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Why Big Dairy Companies Struggle In India

You know who's got milk?

India. India is the world's biggest producer and consumer of dairy.

In 2018 alone, India produced 186 million metric tonnes of milk — about

410 billion pounds and 22 percent of the milk produced globally.

Almost all of that is consumed domestically thanks to India's dairy-heavy

diet — think creamy curries, yogurt drinks, and a popular type of butter

called ghee.

A quick note before we proceed: this includes milk from buffaloes, which

are an important source of milk in many developing countries.

the point is that India loves milk.

In 2011, the French dairy company Danone hoped to capitalize on this by

opening a division in India.

Danone opened its own processing plant in Haryana and tried to capture

some of India's 1.2

billion dairy lovers.

But less than a decade later, Danone shuttered their dairy business in

India. That same year, the company made 28 billion dollars worldwide and

was in the top three global dairy companies.

With all this success, elsewhere, why did Danone's dairy business sour in

India?

Let's start with some background on Danone.

Their business is broken down into three categories: specialized

nutrition, like supplements and formula for babies; bottled waters and

seltzers; and dairy and plant-based alternatives.

That one makes up over half of their global sales, but it's also the one

that failed in India.

Danone does still sell specialized nutrition products in the country, but

they don't break out those sales figures separately.

Oh, and yes — this is the same company as Dannon in the U.S.

The company decided to rebrand to make the spelling less confusing for

American consumers.

Anyway, now for some background on India's dairy industry.

There are about 75 million dairy farmers in India.

Most of them are women who own one or two buffaloes or cows to supplement

the family's income.

Nearly half of India's milk is not sold, but consumed by the farmers

household. This makes India's dairy industry far more fractured and

localized than other countries where Danone operates.

Take the company's native France and one of its biggest customers, the

U.S. Each has far fewer dairy farms with herds that dwarf India's one or

two animal average.

This was Danone's first big problem in India: sourcing milk is difficult.

Of the half not consumed by farmers' households, only about 15 percent

goes to big organized companies or government run cooperatives.

The rest goes to hundreds of small, local milk processors.

Even the largest companies like Amul, Mother Dairy, and Nestlé have tiny

percentages of the market, and they've been there for decades.

Market research firms Mintel and Euromonitor declined to release specific

market share numbers to CNBC.

However, a 2016 piece in The Economic Times of India citing Euromonitor

put the figures at about 7 percent for Amul, 3.7

percent for Mother Dairy, and 2.9

percent for Nestlé.

In short, tapping into the existing dairy infrastructure is effective but

time consuming.

Imagine the effort of contacting dozens or hundreds of local and regional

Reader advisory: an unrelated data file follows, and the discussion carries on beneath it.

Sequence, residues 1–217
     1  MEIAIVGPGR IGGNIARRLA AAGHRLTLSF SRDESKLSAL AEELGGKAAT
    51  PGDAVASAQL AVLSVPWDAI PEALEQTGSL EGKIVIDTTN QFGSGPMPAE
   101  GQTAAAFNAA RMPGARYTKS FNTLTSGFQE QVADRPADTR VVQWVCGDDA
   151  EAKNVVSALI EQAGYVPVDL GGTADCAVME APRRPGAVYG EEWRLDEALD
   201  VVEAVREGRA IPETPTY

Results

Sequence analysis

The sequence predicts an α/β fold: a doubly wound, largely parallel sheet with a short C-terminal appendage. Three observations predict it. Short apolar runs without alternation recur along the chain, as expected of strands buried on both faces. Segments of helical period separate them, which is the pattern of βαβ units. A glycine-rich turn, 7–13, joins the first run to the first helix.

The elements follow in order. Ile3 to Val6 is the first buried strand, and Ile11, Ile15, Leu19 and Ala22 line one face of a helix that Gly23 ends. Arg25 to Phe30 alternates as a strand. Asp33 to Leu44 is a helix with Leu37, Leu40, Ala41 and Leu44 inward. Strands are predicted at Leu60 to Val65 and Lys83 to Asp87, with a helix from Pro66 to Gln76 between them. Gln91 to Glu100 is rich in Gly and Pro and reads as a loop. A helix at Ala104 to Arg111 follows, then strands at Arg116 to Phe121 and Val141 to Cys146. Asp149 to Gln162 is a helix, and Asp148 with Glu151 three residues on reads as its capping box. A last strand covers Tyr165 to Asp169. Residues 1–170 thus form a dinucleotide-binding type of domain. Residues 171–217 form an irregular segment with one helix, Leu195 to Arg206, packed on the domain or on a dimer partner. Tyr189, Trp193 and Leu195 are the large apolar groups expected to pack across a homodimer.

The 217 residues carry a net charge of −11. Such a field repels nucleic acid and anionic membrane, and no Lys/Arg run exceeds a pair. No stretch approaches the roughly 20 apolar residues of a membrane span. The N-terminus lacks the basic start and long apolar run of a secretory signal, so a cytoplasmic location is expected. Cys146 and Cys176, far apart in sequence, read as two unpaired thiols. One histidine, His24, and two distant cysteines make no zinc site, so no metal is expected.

dairies, processors, or individual farmers.

But establishing a separate supply chain altogether is very expensive —

a lesson Danone learned the hard way.

And when Danone did get milk, the company focused on the wrong products.

Danone pushed plain yogurt and flavored yogurt drinks — popular in places

like the U.S.

and France with high profit margins to boot.

But in India around the time when Danone arrived, yogurt comprised only 7

percent of the dairy consumed.

The real money was in ghee, a type of clarified butter, and plain old

fluid milk, a product with razor-thin margins dominated by those hundreds

of local small-scale producers.

Analysts explained to CNBC the simple reason why Indian consumers shunned

Danone's prepackaged yogurt.

And if Indian consumers did want to buy premade yogurt, they had a slew of

cheaper options than Danone.

Dairy never accounted for more than 10 percent of Danone's sales in India,

a far cry from its global 50 percent.

Its specialized nutrition arm picks up the slack, and the company

announced a renewed focus on that division when it shuttered its dairy

operation. Meanwhile, two of their biggest competitors, Amul and Nestlé,

made nearly five billion and 750 million from dairy, respectively.

But not all hope is lost for Danone's dairy in India.

In January 2018, the same time that Danone ended its dairy production

there, the investment arm of the company announced its part in a 26.5

million dollar investment in Epigamia, an Indian yogurt startup.

This could be a sustainable move for Danone in India's dairy industry

because Epigamia offers consumers products that add value onto the plain

yogurt they can make cheaply at home.

But perhaps most importantly is this: while much of the population still

makes yogurt the old-fashioned way, analysts predict that a growing number

of consumers will want to buy premade options as they move into corporate

jobs in developing urban centers.

Very

large numbers indeed.

If only 5 percent of India's 1.35

billion people decides to buy prepackaged yogurt, that's over 67 million

consumers — more than the entire population of Danone's native France.